So, here’s where I live breathe eat:

  • Salmon. Which I mentioned already, yeah. I’ve been to fancy hanging-over-the-water places in Seattle and had all the different kinds, which were and are amazing, of course. But the salmon I return to again and again? Applebee’s. I’m not sure how they do it, but they do it right. It’s somehow the right kind of crisp on the outside, perfect on the inside. I bet I could eat three plates of it, given the right gift card.
  • Sweet tea. This is supposed to best in the South, I know. And it is great there, definitely. But, for my money, where I go when I want some really excellent, truly bottomless sweet tea, it’s Jason’s Deli. Also? Those cups are to-go, so you can drink your fill, then take some with you. That’s pretty much the dream, right there.
  • Burgers. Once people figure out I’m into burgers, they always take me to the best place in that city. And it’s usually cool, of course. However, I’ve yet to find any burger that matches up to a well-done triple-meat with bacon and ketchup-only from Whataburger. Seriously, there’s nothing like it. It’s heaven in your mouth, pretty much. On book-tour through Texas just now, I was there for three days, I think, and, in those three days? I hit Whataburger five times.
  • Donuts. Growing up, since me and my brother never dug cake, we always got Winchell’s glazed donuts for our birthdays (which are one day apart). So, I always figured they were my favorite—so long as there was no drive-by chocolate on the side, or errant sprinkles, or surprise-fillings, or other people’s fingerprints. Until, one Texas Book Festival, Joe Lansdale and me stood in line at that Starbuck’s on Congress for so long that I figured I had to order something, so I did: one of their cakey donuts. Which hooked me, completely and forever. I don’t drink coffee, don’t even like to be around that smell, but I’ll hold my breath just to stand in that line, get another one of those old-fashioned donuts, please.
  • Rolls. My favorite rolls come from Texas Roadhouse. They’re not the most healthy creations to ever come out of a kitchen, I suspect, and what they’re doing is making you feel full so you then feel like you’ve eaten a bigger steak, but still, man: they’re so, so excellent. Haven’t had one for years now, but I still think about them pretty regular.
  • Steamed vegetables. I’ve had them everywhere, and the most dependably-excellent steamed veggies, they’re always at Red Lobster for me. I know—I say I don’t like spices, and I’m pretty sure that’s the secret here, that they’re doing some slight spice on their vegetables. But I’m falling for it. Every chance I get. Though second in this category would be Boston Market. And, it’s surprising to me that I even like vegetables. Until I was about twenty, I never ate them, was strictly red-meat-only please (with some occasional fried chicken). Well, red-meat and loaves and loaves of bread.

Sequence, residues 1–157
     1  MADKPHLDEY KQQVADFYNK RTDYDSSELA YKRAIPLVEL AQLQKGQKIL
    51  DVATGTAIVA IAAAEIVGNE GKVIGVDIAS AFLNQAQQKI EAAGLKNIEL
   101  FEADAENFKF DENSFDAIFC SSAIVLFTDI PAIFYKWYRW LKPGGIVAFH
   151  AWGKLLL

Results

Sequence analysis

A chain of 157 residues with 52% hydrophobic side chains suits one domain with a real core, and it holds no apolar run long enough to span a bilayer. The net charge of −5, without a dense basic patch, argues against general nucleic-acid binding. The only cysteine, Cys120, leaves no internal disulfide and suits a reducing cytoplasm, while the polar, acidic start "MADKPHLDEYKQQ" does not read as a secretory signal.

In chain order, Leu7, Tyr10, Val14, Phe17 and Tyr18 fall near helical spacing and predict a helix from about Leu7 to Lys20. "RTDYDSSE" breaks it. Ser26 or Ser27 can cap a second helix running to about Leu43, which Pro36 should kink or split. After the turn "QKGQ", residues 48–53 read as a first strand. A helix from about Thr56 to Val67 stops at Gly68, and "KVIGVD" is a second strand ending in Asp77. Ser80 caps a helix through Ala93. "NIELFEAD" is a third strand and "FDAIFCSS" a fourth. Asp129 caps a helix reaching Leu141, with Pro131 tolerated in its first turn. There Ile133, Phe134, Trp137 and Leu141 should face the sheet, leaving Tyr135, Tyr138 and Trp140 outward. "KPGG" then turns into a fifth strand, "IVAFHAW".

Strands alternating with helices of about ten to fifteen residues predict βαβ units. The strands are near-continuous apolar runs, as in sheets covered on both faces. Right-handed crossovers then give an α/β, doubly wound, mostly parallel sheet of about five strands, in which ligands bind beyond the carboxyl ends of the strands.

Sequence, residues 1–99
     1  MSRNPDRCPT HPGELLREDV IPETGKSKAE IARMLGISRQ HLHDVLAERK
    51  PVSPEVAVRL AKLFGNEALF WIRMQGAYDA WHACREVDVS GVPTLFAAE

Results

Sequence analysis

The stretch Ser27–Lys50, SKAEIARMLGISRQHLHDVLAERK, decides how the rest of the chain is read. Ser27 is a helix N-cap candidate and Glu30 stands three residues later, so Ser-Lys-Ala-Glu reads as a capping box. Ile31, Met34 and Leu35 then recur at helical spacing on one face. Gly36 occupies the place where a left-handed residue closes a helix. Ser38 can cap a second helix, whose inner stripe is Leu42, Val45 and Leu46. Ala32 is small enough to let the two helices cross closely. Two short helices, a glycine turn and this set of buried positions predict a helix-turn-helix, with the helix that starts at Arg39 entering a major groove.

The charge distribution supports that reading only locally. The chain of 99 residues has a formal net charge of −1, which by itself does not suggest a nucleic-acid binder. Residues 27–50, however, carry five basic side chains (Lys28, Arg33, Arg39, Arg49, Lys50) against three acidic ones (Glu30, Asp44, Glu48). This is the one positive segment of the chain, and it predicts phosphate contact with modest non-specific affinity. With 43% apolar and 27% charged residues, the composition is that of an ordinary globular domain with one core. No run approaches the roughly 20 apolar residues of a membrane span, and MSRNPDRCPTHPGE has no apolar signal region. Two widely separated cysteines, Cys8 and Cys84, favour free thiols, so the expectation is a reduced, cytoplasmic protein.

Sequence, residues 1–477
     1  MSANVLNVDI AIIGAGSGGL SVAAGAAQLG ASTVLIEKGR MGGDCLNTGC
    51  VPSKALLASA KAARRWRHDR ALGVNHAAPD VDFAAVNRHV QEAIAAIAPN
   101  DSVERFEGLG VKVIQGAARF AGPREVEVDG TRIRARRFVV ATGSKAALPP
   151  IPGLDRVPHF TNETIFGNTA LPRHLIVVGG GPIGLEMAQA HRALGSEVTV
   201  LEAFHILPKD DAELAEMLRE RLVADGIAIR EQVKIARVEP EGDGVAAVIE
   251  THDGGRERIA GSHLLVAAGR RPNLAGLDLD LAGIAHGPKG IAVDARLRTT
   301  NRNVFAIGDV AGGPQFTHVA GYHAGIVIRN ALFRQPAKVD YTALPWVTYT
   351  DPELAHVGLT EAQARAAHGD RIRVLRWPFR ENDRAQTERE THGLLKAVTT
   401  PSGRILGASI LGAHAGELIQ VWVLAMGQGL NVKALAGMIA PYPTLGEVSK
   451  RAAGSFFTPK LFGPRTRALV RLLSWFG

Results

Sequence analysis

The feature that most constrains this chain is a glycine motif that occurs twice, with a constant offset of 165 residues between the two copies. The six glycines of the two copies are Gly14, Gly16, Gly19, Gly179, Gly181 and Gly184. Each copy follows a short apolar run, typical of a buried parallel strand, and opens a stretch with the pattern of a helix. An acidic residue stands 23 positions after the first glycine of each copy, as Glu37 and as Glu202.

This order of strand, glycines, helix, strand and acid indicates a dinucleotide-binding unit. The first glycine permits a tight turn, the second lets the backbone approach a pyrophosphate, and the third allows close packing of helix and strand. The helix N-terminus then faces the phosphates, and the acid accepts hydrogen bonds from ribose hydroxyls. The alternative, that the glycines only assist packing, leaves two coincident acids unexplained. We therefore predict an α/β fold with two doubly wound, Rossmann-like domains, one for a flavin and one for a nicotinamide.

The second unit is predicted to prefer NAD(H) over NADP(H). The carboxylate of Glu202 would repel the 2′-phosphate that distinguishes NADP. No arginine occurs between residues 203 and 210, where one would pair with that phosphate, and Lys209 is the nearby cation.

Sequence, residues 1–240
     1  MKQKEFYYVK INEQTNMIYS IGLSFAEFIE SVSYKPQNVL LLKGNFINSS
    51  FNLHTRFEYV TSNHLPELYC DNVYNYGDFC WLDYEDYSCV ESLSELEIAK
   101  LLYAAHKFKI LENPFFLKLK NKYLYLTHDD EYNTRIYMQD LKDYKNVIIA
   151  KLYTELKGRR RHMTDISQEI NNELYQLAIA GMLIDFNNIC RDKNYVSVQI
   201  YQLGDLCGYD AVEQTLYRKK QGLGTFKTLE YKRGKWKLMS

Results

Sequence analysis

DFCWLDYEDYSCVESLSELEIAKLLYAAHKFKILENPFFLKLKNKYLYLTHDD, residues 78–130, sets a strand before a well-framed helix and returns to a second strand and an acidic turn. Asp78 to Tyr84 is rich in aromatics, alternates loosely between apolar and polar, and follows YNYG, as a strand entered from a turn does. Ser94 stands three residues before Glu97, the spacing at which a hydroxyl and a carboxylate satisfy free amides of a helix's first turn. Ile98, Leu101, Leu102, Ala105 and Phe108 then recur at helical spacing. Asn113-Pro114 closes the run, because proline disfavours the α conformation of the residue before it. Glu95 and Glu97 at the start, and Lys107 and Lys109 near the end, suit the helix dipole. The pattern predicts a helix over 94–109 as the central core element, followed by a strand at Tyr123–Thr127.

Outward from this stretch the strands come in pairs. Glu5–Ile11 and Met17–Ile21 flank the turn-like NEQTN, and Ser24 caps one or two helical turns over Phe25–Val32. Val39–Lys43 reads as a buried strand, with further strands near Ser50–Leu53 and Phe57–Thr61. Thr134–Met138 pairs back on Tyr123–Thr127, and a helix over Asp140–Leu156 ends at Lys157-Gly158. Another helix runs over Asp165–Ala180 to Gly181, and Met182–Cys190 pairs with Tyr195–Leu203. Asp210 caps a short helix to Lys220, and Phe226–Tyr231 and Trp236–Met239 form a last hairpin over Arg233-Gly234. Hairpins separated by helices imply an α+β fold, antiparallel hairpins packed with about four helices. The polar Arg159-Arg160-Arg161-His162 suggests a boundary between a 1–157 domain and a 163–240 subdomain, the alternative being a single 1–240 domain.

• Caesar Salad. I’m always so bummed when I’m somewhere fancy enough to put actual anchovies on my salad. That’s not the taste I’m after. My favorite caesar salad, it used to be from Sooper Salad, because it would sit up there on the bar long enough for the croutons to get soggy. And soggy croutons on caesar salad are about the most perfect thing there is. However, the Sooper Salads close to us closed, so, it’s been a long while since I got to experience this wonderfulnessocity.
  • Shark. I had this once, off a stick, at a renaissance festival or something in Florida, back in the mid-nineties. It was impossibly delectable. I’ve had other prey-fish since, trying to look for that flavor, but have never found it again. And, also, I’d feel bad picking ‘shark’ off a menu now, as I want them to stay in the water, keep doing shark-things.
  • Neck roast (venison). Been eating deer and elk all my life, but still, nothing I’ve ever shot’s matched up with a neck roast my friend at Danforth Middle School down in Wimberley, Texas smuggled to school one day in foil. He’d stolen it from his dad, said he was getting beaten black and blue when he got home. But that’s what all my friends’ dads were always doing anyway. Might as well do something to deserve it, yeah? This and the shark, they’re tied for the best single bite of food I’ve ever had.
  • Eggs Benedict. A recent discovery. Who knew something this weird-looking would be so excellent? However, I order the hollandaise on the side (way to the side . . .) when I can remember to, as I can’t understand how that’s supposed to make this experience any better. Think I discovered these at BizzaroCon, too, so: thank you, BizarroCon.
  • White pretzels. They call them “yogurt-flavored,” but I’ve found that when I buy these from fancy places, they don’t sit well. Must be some dairy or something in there? Maybe rat poison? But when I get them from a gas station, then they’re perfect, man. Can eat these forever. Times two. They’re one of three recent discoveries, the other two being: cashews and guacamole (though, my guacamole, it’s just smushed-up avacados, nothing surprising mixed in there, please. which can cause some unpleasantness with wait- and kitchen staff, I’ve found).